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Shell resumes output in Nigeria

Shell resumes output in Nigeria

Armed attackers have lifted sieges at two oilfield stations in Nigeria, releasing more than 20 local workers and allowing some oil production to resume, industry spokesmen said on Thursday.
About 18 staff at Agip's Tebidaba oilfield in Bayelsa state were released on Tuesday after five days in captivity, while five people at Shell's nearby Nun River facility were freed on the same day after a 12-day siege.
A Shell spokesman said the company had begun to resume production of 14,000 barrels per day from Nun River, but industry sources said Agip's Tebidaba facility had not resumed its 40,000 bpd output.
"Nun River reopened on December 26 and production is ramping up," a Shell spokesman said.
Another four oil workers - three Italians and one Lebanese - are still being held hostage by a different armed group after an attack on Agip's Brass River export terminal on December 7.
The three Italians were allowed to call home on Thursday and the Italian Foreign Ministry said they told relatives that they were fine.
Agip is a unit of Italian oil giant Eni, whose chief executive visited President Olusegun Obasanjo on Wednesday to discuss the crisis. Company spokesmen said it was unclear what led to the lifting of the two oilfield sieges, but that talks with the attackers were led by the state government and involved elders from nearby villages.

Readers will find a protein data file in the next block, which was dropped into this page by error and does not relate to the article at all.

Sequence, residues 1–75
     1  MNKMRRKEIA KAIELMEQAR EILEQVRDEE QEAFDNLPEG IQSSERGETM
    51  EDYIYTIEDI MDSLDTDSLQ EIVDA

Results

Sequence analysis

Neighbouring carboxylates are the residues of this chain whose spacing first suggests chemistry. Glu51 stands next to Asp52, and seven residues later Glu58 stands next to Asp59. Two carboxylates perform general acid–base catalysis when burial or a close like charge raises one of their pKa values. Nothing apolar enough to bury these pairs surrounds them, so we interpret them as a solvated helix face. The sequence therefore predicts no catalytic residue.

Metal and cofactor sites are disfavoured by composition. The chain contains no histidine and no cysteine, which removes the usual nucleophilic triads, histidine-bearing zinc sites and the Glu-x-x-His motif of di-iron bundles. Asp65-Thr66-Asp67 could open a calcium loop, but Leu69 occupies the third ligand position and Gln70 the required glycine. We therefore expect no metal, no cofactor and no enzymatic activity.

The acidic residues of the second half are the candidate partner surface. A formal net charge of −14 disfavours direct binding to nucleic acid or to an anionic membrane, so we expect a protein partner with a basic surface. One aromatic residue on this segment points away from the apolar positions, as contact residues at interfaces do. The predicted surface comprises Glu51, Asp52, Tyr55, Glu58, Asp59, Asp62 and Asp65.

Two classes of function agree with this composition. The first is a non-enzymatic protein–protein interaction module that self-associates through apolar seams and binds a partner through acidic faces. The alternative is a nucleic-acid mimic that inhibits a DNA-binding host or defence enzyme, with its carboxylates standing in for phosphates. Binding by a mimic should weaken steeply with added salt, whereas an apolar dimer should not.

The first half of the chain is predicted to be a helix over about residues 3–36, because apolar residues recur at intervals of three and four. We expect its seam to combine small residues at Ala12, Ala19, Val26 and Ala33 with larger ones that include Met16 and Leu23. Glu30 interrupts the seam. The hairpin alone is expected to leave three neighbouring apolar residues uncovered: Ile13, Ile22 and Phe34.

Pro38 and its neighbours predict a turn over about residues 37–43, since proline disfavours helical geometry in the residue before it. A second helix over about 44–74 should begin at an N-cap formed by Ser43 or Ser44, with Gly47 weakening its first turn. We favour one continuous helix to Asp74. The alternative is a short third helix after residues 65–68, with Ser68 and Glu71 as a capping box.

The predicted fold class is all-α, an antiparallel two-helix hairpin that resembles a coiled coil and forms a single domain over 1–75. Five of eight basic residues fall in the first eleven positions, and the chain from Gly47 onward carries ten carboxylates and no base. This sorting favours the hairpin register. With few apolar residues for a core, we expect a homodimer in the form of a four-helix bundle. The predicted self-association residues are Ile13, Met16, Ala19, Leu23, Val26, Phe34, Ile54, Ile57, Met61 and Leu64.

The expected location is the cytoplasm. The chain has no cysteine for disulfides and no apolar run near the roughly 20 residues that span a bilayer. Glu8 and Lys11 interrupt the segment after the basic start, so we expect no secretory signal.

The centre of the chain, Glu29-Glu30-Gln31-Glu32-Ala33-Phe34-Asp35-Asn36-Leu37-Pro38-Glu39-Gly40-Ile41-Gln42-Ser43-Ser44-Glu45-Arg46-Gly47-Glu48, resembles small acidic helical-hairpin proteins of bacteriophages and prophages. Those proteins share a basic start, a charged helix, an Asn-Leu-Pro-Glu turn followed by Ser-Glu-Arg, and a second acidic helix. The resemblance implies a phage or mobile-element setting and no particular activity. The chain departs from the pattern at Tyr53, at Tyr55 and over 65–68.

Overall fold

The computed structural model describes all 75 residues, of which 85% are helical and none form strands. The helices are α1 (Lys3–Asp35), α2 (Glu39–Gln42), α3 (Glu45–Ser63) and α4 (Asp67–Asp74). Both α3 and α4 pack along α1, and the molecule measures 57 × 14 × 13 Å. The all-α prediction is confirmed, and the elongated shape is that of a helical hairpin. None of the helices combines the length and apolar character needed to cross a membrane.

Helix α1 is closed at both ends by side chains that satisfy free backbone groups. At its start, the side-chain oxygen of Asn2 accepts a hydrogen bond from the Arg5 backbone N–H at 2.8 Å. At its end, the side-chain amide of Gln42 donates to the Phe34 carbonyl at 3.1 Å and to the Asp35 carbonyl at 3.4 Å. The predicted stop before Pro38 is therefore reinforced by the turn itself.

The attackers had demanded money, jobs and infrastructure for their communities in the remote region of mangrove-lined creeks and swamp in southern Nigeria.
The four foreign Agip staff are being held by the Movement for the Emancipation of the Niger Delta, which says it has spurned ransom offers and wants the Nigerian government to release two jailed leaders from the region.
It has threatened to keep the men for six months.
Kidnappings and attacks on oil facilities have become an almost weekly occurrence in the world's eighth largest exporter in the run-up to landmark elections in April.
Western oil companies last week evacuated hundreds of dependents of expatriate staff after two car bombings by MEND at oil company compounds in the regional capital Port Harcourt.
Senior industry executives say the rising tide of violence could force them to withdraw from some areas completely.
Shell has already shut down its entire oil operation in the western side of the delta after a series of attacks in February which cut the OPEC nation's oil output by a fifth.
Violence in the delta is rooted in poverty and neglect by the government, which has failed to convert the region's huge resources into improved living conditions for its inhabitants.
Impoverished villages, often deprived of power, tarred roads, schools and hospitals, sit next to gleaming oilfield stations manned by foreign workers and defended by soldiers.
Industry executives expect violence to escalate further in the runup to elections, as local politicians fight turf wars for access to elected office and a slice of the government's oil revenue that goes with it.


Updated : 2021-04-19 02:57 GMT+08:00